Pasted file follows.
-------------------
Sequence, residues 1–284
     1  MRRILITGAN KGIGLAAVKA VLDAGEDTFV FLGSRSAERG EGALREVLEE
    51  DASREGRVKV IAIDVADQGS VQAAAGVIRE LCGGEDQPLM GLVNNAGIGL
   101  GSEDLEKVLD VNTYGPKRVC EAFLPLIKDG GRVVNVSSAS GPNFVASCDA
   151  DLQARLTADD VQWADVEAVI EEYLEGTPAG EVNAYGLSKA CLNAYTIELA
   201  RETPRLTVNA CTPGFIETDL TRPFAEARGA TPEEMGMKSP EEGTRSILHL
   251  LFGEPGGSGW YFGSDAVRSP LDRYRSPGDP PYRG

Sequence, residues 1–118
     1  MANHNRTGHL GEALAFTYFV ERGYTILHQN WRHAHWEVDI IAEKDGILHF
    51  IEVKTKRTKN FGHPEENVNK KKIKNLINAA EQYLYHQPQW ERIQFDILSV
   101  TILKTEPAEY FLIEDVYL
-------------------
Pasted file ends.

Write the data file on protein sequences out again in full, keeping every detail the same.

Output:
Sequence, residues 1–284
     1  MRRILITGAN KGIGLAAVKA VLDAGEDTFV FLGSRSAERG EGALREVLEE
    51  DASREGRVKV IAIDVADQGS VQAAAGVIRE LCGGEDQPLM GLVNNAGIGL
   101  GSEDLEKVLD VNTYGPKRVC EAFLPLIKDG GRVVNVSSAS GPNFVASCDA
   151  DLQARLTADD VQWADVEAVI EEYLEGTPAG EVNAYGLSKA CLNAYTIELA
   201  RETPRLTVNA CTPGFIETDL TRPFAEARGA TPEEMGMKSP EEGTRSILHL
   251  LFGEPGGSGW YFGSDAVRSP LDRYRSPGDP PYRG

Sequence, residues 1–118
     1  MANHNRTGHL GEALAFTYFV ERGYTILHQN WRHAHWEVDI IAEKDGILHF
    51  IEVKTKRTKN FGHPEENVNK KKIKNLINAA EQYLYHQPQW ERIQFDILSV
   101  TILKTEPAEY FLIEDVYL